Malone Engineering Group.
Compressed Air Opportunities
Compressed air is often regarded as the fourth utility (along with water (steam), electricity and gas) in manufacturing and process environments. It provides force for simple and powerful mechanical solutions. It drives pistons/ cylinders used in lifting and moving. It powers the opening and closing mechanism and valves. It offers relatively low capital costs and is quick to install. However, it has the highest energy cost of any utility and is prone to leaks. In the UK, compressed air accounts for approximately 10% of industry’s electrical consumption. Given that many estimates put the percentage of the input energy converted to usable compressed as low as 7-15%, it is no surprise that changes in how we use compressed air could lead to substantial energy savings for manufacturing in Ireland.
Compressed air systems offer low cost solutions to solving mechanical movement issues in manufacturing and process facilities. It is fast acting, easy to install, understand and repair. It has no real ATEX issues when used with non-metallic components so in many ways it is an idea utility. However, it is, in most facilities, a massive energy cost and energy waster. Statistics from the UK seem to indicate that 10% of the industrial consumption of electricity goes on compressed air systems (CAS). In Ireland, industry uses approximately 9.3million MWh per annum (based on 2013 data). If we assume that Ireland, which doesn’t have as big a manufacturing base as the UK, only uses 5% (and this is a low estimate) of this figure for compressed air generation then factories and other process industries are using just over 460,000MWhr per year. To put this into perspective, this is equivalent to same electrical consumption as 85 thousand houses or the entire domestic electrical demand of Galway County. Conservatively, 90% of this is wasted in the process of generating the compressed air and is generally lost as heat. A further 10-50% (averaging around 20%) of the compressed air produced is then lost in the system through leaks, before it able to do any work. This represents a huge loss, in financial terms to Irish Industry. If the price paid for electricity is, say 14c/kWh then the cost to Irish industry, running standard compressed air systems, is €60 million across the industry each year.
A reduction in system pressure, repairing of leaks, an element of heat recovery at the generation stage and smart use of the system could save Irish industry millions per annum.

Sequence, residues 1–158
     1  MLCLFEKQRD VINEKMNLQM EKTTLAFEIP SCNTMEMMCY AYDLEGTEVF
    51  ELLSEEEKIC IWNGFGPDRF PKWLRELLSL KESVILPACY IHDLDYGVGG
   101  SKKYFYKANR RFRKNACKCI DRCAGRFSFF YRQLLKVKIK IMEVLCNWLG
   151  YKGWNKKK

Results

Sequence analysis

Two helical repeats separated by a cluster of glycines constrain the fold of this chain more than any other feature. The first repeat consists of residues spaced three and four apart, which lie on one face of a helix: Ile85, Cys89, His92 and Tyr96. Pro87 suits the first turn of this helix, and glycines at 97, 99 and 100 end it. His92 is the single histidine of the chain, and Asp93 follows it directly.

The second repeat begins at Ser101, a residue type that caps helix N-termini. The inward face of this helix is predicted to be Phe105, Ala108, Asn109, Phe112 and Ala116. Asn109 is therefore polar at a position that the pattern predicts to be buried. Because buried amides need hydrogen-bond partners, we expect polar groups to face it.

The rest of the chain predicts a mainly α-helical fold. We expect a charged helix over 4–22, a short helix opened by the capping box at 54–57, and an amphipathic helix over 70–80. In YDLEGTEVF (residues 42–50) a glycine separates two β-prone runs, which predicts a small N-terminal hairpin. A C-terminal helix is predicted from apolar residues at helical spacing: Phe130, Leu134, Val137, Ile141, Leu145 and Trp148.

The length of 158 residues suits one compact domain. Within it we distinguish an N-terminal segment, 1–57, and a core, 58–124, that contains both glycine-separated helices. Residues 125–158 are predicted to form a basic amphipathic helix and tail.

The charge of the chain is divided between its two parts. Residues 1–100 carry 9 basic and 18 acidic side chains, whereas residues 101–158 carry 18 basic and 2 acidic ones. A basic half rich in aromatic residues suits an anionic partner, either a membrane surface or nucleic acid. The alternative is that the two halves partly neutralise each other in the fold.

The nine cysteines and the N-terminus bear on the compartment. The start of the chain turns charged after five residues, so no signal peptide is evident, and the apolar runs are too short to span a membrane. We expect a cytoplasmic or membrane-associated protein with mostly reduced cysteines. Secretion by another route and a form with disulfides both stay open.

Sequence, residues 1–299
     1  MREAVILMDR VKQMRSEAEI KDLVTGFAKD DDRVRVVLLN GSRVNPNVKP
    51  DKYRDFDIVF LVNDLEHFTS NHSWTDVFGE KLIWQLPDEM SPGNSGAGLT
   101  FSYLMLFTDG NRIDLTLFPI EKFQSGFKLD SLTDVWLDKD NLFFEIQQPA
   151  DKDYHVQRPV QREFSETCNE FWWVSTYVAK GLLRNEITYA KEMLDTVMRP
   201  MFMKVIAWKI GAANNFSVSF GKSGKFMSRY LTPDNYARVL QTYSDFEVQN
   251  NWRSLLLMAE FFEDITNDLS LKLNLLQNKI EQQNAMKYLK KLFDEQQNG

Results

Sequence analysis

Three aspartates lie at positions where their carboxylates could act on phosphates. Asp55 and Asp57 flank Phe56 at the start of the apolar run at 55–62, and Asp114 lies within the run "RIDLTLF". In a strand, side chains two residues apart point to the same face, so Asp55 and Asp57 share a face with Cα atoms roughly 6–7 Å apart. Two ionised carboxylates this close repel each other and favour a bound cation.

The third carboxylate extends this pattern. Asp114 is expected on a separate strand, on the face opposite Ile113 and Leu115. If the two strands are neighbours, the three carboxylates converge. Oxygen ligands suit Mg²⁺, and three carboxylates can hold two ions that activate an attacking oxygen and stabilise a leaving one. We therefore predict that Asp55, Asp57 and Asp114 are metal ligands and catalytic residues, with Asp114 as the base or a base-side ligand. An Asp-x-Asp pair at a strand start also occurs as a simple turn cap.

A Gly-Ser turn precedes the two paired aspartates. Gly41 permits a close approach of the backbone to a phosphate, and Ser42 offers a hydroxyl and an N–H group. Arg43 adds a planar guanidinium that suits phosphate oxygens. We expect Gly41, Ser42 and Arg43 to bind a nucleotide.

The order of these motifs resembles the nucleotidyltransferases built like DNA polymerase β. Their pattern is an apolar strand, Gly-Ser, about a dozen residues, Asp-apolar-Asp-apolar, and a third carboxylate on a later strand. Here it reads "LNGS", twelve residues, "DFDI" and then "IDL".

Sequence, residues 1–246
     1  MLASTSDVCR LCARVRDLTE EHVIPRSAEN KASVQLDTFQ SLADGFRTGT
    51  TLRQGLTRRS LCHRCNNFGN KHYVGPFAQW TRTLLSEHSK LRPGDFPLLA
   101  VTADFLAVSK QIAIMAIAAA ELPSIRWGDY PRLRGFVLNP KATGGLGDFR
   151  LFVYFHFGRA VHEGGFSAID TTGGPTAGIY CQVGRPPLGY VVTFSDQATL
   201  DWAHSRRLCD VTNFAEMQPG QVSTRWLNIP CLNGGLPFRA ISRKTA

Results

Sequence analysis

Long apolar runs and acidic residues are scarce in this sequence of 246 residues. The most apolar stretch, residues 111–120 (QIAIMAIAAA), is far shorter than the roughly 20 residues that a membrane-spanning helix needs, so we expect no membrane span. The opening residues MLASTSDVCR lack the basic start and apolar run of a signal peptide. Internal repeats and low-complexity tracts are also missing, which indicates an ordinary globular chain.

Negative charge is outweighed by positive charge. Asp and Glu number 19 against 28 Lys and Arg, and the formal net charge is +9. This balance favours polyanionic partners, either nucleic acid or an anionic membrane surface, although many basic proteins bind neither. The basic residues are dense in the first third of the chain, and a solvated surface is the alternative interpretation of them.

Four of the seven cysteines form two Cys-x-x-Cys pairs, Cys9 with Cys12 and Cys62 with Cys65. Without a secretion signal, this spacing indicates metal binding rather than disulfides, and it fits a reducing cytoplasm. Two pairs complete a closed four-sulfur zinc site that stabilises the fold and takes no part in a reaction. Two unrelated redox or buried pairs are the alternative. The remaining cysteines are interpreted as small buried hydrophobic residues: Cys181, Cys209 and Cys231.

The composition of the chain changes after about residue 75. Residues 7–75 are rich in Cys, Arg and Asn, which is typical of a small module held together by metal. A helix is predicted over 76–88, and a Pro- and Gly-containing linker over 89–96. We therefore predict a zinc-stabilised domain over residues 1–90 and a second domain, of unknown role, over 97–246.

It is prudent to ask if compressed air is required or if another, albeit possibly higher capital cost, solution offers a better lifetime cost. It is also important to ask if systems are being run when they are not required as this is wasting energy, money and resources when there is zero return. Can the heat of generation be utilised in some way to reduce the overall loss. For instance this “waste” heat could be recovered and used to preheat air for air conditioning systems, to preheat water etc. Leaks within the system could be detected and repaired on an ongoing basis. Companies can address these items now even on existing systems. Another fundamental question that needs to be asked is ‘ Does the system need to run at 6bar or higher?”. A reduction in 1 bar in operating pressure would reduces losses through leaks and also reduce energy consumption by 7% according to Atlas Copco, a leading compressor manufacturer.
Compressed air systems are costing industry millions of Euro. Some remedial work and investment in existing systems will pay off handsomely in reducing energy bills.
About Fergus Whelan:
Fergus is the Group Engineering Director at Malone Engineering Group. They specialise in full service project delivery in the Food & Drink and Pharmaceutical sectors. They are an international company, operating in Ireland, UK, Poland and Canada currently. Much of thier workload involves energy recovery or reducing energy losses within utility systems (e.g. steam or compressed air).
Prior to joining Malone Group, he worked as a project engineer, project manager and contract manager in the renewable energy sector.
He was involved in the design, planning, installation or construction of numerous large and small windfarms throughout Ireland.
He is a Chartered Engineer with a masters degree in renewable energy.